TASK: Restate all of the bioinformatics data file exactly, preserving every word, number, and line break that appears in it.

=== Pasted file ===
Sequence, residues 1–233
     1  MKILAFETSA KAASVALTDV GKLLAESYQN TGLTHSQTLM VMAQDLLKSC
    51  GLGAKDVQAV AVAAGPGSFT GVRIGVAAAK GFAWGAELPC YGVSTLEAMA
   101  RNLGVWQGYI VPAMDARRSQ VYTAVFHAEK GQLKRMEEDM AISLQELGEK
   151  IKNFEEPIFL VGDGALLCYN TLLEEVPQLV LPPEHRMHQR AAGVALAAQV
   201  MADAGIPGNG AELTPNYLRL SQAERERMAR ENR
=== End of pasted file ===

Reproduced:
Sequence, residues 1–233
     1  MKILAFETSA KAASVALTDV GKLLAESYQN TGLTHSQTLM VMAQDLLKSC
    51  GLGAKDVQAV AVAAGPGSFT GVRIGVAAAK GFAWGAELPC YGVSTLEAMA
   101  RNLGVWQGYI VPAMDARRSQ VYTAVFHAEK GQLKRMEEDM AISLQELGEK
   151  IKNFEEPIFL VGDGALLCYN TLLEEVPQLV LPPEHRMHQR AAGVALAAQV
   201  MADAGIPGNG AELTPNYLRL SQAERERMAR ENR